This may seem glib, but a complete answer requires an understanding of precipitation and evaporation, drainage basins and gravity flow, and percolation through the soil. After those topics are mastered, in other words with a working knowledge of geography, geology, and meteorology, a reasonable approximation can be produced without ever actually measuring the flow of the Mississippi.

The relationship between astronomy and religion is typical of the misconceptions of the era—God above was taken literally, and astronomers formulated deeply flawed models where the sun went round the earth and the atmosphere was a pathway to a set of seven heavens.

Medicine was not classed as a liberal art (duh) but considered analogous to music because its purpose was to promote the ‘harmony of the human body.’

History was straightforward and finite—the world began with Adam and Eve and would end with the second coming, which would be followed by judgement day. Perhaps that’s the genesis of the T-Shirt slogan ‘Look Busy, Jesus Is Coming’.

In the United States, creationists live by these rules, despite clear evidence to the contrary—they deny natural selection, and speculate on the end of the world based on opinions uncontaminated by facts.

Tuchman’s interpretation is that in a world of finite history leading to an examination on judgement day, there was no requirement for humans to improve themselves morally or socially in this world—that would come in the next. This is nicely captured in the song ‘The Weight’, where the narrator and Luke sit waiting for the judgement day.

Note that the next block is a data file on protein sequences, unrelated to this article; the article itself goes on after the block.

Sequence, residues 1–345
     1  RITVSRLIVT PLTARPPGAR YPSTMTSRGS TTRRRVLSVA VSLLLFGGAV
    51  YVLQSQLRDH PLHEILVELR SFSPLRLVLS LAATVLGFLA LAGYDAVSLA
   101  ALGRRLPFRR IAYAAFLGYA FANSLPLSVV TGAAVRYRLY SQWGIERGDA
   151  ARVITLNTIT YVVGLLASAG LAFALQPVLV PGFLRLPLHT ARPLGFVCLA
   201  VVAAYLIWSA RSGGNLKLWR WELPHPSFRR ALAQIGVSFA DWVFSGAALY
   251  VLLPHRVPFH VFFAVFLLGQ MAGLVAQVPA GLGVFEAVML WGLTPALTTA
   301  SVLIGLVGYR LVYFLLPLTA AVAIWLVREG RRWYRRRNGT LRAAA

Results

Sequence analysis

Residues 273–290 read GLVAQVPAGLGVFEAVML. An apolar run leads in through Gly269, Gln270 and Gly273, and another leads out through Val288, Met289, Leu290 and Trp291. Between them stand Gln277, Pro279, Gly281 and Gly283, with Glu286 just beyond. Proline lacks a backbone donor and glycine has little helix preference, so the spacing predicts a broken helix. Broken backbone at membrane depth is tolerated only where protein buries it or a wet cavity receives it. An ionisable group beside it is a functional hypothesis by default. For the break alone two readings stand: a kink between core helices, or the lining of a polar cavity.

My interest in the Medieval Period, which in many ways is paroxysmally boring, came from the present pandemic—I’ve avoided mentioning it so far, but it seems obvious that more’s-a-comin’—and in particular my interest in the Black Death.

It’s impossible to analyze the Middle Ages in Europe without considering the plague. The disease was first observed in October 1947, when a Genoese merchant ship full of dead and dying men anchored at Messina, Sicily. The ship had come from Caffa in Crimea, a trading post owned by Genoa—the town is now called Feodosia, after the old Greek name Theodosia—it was once part of the Greek empire.

Caffa was one of the world’s most important slave markets, and the bubonic plague arrived from the east, brought by the Mongolian Golden Horde.

Just as with COVID-19, the pestilence spread with great speed—slower due to the lack of globalization, faster due to the lack of hygiene and hospitals.

The Welsh talked about the ‘shilling under the armpit’, a reference to the egg-sized buboes (thus bubonic), or swellings, that appeared in the groin or armpit.

The buboes oozed blood and pus, and the skin quickly developed black splotches due to internal bleeding. The black blood that appeared in the lungs, sputum, urine, feces, and buboes gave the disease its name.

Europe lived in perplexity about many phenomena that are well understood today—which makes it all the more remarkable that cretins like the orange man and his tropical cousin refuse to act on that understanding.

To the medieval populace of Europe, the plague was the end of the world.

It was inevitable, in the religious fervor of the age, that the Jews would get blamed. As a consequence, well before the time of the Spanish Inquisition, widespread pogroms ensued.

Jews carried the plague from Toledo in little packets or a ‘narrow stitched leather bag’. These messengers brought with them rabbinical instructions for poisoning wells and springs. Many Jews were burned alive.

The word that best describes the Middle Ages in cruelty. Ignorance comes a close second.

The India Road, Atmos Fear, Clear Eyes, and Folk Tales For Future Dreamers. QR links for smartphones and tablets.